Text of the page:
Saturday, January 31, 2009

The Nerve of Steele.

The appointment of Michael Steel seems to have done its job. Otherwise astute, reasonable observers seem to have bought into the idea that this is a good thing. That it is progress. Huh?

This all takes me back eight years, to the floor of the Republican National Convention held here in Philadelphia. Crammed between the stage and the seating for the delegates was like being on the moon of Bizarro World. Up on the stage a parade of black and minority speakers and politicians gave the impression the party was a diverse, big tent. It seemed there were as many brown as white faces represented. Turning around, and facing the delegates presented a very different picture. I remember, at one point, trying to pick out a single black face in the crowd. One. I couldn't. reality there were eighty-five, but that's out of 2066 delegates. That's less than 5%. No wonder I didn't spot any.

Eight years later, in Saint Paul, the black delegates totaled thirty-six. Thirty-six out of 2304--well under two percent. How's that for progress? After the convention, Republicans produced some of the most divisive, racially charged rhetoric I have ever seen outside a Klan rally. Progress?

There hasn't been a black Republican member of Congress since J.C. Watts left in 2002. The last time the Republicans had more than one or two African Americans in congress was during Reconstruction. Progress?

Understand that blacks in Republican leadership positions are nothing new. Watts headed up GOPAC, "the premier training organization for Republican candidates for elected office," for over four years, succeded by--wait for it--Michael Steel. After Steel assumed leadership of GOPAC, he had this to say in an interview with Newsmax:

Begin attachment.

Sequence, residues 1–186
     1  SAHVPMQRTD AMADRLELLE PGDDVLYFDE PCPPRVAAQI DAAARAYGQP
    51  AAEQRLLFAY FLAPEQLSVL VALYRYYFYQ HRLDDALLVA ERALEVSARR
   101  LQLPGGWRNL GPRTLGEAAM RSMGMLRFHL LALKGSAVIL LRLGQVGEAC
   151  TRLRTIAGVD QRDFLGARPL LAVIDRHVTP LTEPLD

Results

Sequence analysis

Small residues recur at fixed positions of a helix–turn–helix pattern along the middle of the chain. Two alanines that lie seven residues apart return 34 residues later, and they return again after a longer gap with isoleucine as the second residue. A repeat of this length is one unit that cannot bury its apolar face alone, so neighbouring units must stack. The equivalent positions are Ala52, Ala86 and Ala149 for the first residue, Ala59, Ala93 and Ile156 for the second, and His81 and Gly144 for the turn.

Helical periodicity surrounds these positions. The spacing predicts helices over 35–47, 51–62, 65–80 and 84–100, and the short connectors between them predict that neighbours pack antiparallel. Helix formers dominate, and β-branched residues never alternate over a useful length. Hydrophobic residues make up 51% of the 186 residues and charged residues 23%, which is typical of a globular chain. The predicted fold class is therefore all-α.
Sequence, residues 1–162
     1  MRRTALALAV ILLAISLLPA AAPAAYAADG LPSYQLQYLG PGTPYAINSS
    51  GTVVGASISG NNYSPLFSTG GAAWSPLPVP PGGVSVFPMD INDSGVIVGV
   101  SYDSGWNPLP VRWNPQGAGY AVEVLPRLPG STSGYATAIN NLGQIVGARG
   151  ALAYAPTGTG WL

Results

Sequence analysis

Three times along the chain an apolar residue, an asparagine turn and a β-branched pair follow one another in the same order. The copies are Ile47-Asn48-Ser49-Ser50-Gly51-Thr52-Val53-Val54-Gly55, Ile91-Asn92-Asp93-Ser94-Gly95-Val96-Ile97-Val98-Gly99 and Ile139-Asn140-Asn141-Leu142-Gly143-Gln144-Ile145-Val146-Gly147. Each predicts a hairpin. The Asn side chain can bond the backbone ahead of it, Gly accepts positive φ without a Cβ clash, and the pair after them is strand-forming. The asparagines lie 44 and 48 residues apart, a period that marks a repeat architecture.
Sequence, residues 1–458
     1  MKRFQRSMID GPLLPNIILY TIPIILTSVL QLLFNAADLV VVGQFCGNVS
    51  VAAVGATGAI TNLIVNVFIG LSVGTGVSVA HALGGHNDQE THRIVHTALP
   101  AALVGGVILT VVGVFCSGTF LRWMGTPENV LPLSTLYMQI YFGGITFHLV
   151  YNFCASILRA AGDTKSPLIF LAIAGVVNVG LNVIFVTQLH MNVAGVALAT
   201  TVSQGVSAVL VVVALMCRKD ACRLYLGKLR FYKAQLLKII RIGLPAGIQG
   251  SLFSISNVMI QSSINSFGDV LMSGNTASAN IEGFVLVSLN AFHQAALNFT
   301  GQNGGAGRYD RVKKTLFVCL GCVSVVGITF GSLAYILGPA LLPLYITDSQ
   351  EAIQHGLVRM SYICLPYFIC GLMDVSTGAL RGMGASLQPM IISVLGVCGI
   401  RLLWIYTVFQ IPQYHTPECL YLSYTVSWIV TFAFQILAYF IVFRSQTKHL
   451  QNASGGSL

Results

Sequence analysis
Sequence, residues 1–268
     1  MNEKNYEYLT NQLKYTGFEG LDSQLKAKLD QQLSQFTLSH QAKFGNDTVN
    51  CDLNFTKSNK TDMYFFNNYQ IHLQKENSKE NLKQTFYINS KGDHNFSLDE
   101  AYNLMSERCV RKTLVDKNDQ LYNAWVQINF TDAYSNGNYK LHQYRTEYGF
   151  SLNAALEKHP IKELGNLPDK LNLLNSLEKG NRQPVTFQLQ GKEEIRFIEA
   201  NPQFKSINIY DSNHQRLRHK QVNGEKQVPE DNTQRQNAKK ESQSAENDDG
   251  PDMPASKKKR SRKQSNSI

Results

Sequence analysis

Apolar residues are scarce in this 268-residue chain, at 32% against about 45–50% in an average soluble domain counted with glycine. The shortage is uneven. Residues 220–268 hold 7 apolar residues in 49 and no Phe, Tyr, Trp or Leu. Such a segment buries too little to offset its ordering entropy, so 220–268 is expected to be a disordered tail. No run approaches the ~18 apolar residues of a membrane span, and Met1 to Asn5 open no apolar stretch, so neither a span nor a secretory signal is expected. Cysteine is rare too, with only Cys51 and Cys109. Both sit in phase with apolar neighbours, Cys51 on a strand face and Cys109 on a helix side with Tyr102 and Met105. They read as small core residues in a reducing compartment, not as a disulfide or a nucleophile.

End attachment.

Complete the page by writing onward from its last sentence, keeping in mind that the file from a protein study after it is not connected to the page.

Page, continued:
"I'm here to say we're dealing with a new type of political opponent — one who has learned and studied us very well as Republicans and has created great Trojan horses," said Steele, who lost his race for Senate last year. "They come in and they run like Republicans. They espouse their perspective on a number of the core issues that Republicans have been successful on. On pro-life and gun control issues, these guys are hawkish as anyone else. That's how they've won, and that's how they're going to continue to win elections, unless we're prepared to expose the horse for what's inside."
Sound familiar? The Republican Party--white, suburban and recationary to the core--may think they've pulled one over on us. They espouse diversity. They feign moderation. They may have pitched a big tent, but they're sure not welcoming everyone inside. They may think they've pulled off a Trojan Horse, but are they really fooling that many people? Do we really have to, "expose the horse for what's inside?"

No, we don't. This isn't a Trojan Horse, this is Al Jolson. Of course, Jolson didn't think that by putting on a black face he was fooling anyone. Do the Republicans think they are? Are they that out of touch?

Maybe some are buying it, but I suspect not many. For now, there's just one token taking me for a ride, and it's not made of Steele.